NBA GMs who get the most out of your betting buck

Jason Logan
When the ax fell on Orlando Magic GM Otis Smith last month, the organization obviously didn’t take into account the team’s ATS record while Smith was calling the shots in the Magic Kingdom.

Under Smith’s guidance, Orlando posted a 214-173-7 ATS mark over the past five seasons, covering nearly 55 percent of the time, for the best ATS record in the NBA during that span.

According to numbers recently released by, Smith added $78,518,915 in player contracts over a five-year frame –the fifth most in the league.

Florida rivals, the Miami Heat, topped the list dishing out an additional $114,064,952 the last five years, including that super summer of 2010 in which the organization signed LeBron James, Chris Bosh and re-signed Dwayne Wade. Over the last five years, the Heat have gone 189-200-5 ATS in the regular season, including a 72-75-1 ATS mark in the Big Three era. Not quite the return South Beach bettors want considering all those dollar signs.

Here’s a short list of NBA GM’s who know how to get the best betting bang for their buck.

Sam Presti, Oklahoma City Thunder

Presti is one of the rare fixtures remaining from former Seattle SuperSonics organization, taking the GM reins in June 2007. He moved with the team to Oklahoma City and built the roster using a model similar to the San Antonio Spurs, adding $64,514,723 in player salaries over the past five season (12th most in the NBA). That careful planning has paid off for Presti and OKC bettors. The Thunder/Sonics are 211-178-5 ATS over the past five seasons, including a 48-34-0 ATS money grab in 2009-10, and they're up 1-0 on the Heat in the NBA Finals.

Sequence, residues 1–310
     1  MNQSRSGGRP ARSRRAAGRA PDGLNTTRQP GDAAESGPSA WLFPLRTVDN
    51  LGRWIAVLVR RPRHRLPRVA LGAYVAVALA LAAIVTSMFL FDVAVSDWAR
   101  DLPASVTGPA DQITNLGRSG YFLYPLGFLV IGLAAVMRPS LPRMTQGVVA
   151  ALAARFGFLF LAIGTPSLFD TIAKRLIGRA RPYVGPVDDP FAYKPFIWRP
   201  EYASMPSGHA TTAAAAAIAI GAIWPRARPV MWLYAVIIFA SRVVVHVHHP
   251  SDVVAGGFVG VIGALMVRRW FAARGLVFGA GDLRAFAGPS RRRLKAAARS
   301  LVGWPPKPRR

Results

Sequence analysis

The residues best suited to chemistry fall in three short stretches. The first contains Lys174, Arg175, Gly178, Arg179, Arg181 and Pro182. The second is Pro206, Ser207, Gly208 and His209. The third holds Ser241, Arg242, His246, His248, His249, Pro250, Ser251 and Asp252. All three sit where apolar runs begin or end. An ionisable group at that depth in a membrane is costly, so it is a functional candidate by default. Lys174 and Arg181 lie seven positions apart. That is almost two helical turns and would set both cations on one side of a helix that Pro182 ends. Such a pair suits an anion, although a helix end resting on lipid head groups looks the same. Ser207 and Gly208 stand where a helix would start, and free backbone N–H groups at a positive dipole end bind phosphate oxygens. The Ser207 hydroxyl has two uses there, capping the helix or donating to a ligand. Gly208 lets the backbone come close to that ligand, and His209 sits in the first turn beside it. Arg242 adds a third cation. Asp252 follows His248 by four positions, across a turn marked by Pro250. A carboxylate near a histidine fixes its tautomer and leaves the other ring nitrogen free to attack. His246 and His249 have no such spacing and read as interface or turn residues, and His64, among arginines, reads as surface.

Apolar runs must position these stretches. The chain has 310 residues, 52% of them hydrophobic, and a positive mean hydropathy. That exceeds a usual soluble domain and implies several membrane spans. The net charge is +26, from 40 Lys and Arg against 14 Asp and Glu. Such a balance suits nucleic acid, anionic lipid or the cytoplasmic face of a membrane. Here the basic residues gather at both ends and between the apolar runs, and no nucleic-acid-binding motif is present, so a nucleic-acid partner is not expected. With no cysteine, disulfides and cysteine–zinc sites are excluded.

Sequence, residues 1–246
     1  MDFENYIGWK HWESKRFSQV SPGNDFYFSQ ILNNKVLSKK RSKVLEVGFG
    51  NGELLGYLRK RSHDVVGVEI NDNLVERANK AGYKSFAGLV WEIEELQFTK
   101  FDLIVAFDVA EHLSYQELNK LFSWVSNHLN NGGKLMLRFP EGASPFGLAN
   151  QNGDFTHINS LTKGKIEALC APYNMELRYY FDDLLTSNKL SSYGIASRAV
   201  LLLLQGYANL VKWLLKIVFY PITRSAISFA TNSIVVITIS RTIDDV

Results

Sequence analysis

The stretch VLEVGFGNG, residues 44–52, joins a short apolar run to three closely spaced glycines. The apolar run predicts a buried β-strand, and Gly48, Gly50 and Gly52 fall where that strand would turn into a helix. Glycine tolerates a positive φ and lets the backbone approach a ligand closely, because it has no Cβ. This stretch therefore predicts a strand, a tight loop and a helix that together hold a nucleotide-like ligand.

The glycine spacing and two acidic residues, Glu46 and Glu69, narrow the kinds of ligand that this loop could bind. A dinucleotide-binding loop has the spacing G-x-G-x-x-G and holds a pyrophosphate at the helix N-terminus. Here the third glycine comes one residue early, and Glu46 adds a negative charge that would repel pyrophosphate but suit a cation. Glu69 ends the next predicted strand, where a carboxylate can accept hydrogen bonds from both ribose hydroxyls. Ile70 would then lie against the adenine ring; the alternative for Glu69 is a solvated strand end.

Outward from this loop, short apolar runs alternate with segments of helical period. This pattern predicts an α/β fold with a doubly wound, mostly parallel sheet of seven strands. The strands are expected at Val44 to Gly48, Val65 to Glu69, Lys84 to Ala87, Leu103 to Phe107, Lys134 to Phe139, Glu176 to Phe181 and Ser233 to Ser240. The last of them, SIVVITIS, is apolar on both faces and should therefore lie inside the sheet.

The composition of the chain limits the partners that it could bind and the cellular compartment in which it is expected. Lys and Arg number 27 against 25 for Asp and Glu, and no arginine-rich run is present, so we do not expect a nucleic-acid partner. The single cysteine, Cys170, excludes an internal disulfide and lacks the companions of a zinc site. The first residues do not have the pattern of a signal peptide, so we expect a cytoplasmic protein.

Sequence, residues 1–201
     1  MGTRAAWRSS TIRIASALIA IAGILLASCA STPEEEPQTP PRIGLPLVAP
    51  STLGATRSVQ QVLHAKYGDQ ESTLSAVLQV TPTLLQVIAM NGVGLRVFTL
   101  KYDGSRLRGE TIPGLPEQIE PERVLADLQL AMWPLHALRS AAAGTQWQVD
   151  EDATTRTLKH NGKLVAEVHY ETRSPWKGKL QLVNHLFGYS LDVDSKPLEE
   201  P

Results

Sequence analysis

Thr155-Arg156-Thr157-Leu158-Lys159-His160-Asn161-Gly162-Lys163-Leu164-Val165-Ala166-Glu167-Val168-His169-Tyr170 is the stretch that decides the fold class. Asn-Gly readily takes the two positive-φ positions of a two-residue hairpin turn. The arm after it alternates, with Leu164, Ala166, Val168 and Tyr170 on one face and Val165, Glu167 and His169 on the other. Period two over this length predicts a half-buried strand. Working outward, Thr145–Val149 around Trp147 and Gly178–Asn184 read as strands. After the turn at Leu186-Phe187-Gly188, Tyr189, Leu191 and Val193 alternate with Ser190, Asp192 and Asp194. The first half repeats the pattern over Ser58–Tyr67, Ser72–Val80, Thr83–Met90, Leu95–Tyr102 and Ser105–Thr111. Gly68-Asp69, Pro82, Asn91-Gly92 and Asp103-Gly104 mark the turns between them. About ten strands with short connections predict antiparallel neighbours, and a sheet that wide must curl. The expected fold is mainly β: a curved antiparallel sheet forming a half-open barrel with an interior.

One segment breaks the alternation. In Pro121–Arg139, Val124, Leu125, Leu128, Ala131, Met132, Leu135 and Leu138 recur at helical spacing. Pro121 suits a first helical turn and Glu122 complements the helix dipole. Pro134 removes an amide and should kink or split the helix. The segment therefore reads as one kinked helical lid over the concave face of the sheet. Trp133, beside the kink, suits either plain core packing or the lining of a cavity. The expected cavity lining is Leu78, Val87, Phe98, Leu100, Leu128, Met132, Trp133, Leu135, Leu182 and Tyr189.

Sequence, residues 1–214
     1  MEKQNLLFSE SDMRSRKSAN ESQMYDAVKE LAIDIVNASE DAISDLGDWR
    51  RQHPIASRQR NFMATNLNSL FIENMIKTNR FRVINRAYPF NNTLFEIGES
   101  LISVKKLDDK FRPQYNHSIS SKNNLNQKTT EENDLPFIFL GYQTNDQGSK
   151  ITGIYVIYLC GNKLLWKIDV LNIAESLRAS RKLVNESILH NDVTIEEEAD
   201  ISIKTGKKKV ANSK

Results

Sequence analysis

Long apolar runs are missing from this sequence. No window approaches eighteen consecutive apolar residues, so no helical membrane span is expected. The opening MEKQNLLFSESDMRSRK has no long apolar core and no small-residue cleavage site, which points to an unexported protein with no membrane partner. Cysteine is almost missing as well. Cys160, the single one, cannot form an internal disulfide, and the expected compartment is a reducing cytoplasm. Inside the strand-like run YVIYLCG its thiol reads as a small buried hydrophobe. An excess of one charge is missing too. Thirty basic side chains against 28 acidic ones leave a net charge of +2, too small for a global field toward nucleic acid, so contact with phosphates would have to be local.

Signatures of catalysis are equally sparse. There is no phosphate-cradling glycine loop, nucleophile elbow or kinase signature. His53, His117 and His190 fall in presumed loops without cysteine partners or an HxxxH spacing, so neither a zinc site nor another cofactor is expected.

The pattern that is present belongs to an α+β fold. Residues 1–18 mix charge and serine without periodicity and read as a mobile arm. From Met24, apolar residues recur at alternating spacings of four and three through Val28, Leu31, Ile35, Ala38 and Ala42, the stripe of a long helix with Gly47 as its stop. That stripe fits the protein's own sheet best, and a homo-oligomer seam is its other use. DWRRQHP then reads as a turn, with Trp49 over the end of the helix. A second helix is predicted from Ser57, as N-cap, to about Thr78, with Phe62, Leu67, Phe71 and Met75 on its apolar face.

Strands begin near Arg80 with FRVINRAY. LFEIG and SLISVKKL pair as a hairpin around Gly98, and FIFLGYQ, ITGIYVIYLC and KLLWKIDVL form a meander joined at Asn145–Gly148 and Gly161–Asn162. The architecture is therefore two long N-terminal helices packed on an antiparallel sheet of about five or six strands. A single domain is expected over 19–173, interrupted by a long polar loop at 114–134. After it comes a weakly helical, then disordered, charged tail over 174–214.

John Paxson/Gar Forman, Chicago Bulls

Forman took over the GM chair in May 2009, with the former Bulls sharpshooter moving into the role of VP of basketball operations. The pair has combined for one of the best five-year ATS totals in the NBA, posting a 207-181-6 ATS mark. But those paydays didn’t come without digging deep into Jerry Reinsdorf’s wallet. Over the past five years, Chicago has added $91,809,162 in player salaries – second most in the league. And, with Derrick Rose’s status for 2012-13 up in the air, Forman may have to dig a little deeper to buy a starting point guard.

R.C. Buford, San Antonio Spurs

There could be an asterisk next to Buford for this one, with former GM and current head coach Gregg Popovich having both hands buried in the cookie jar in San Antonio. The Spurs are the model franchise in the NBA in terms of money well spent, drafting, championships, and ATS success. Over the last five seasons, they’ve added $51,806,370 (20th in the NBA) and have a stellar 207-176-11 ATS record to show for it. San Antonio was the big winner during the lockout-shortened campaign, putting together 42-20-4 ATS count – not including its profitable playoff run.

Kevin O’Connor, Utah Jazz

If you want to talk thrifty, O’Connor is your man. He’s added just $37,987,595 over the last five years (23rd in the NBA), helping the Jazz to a 202-186-6 ATS record in that span. Utah went 49-30-3 ATS in 2009-10 – the eighth-best mark against the spread in the league since 2007-08. Even without a true franchise player, O’Connor put together a competitive squad that finished in the black with a 34-31-1 ATS count during this year’s 66-game schedule. He’s also a bit of a draft wizard, picking Paul Millsap (2006) and Mo Williams (2003) with the No. 47 pick in the draft. What pick do the Jazz hold this year? Well, it’s No. 47.

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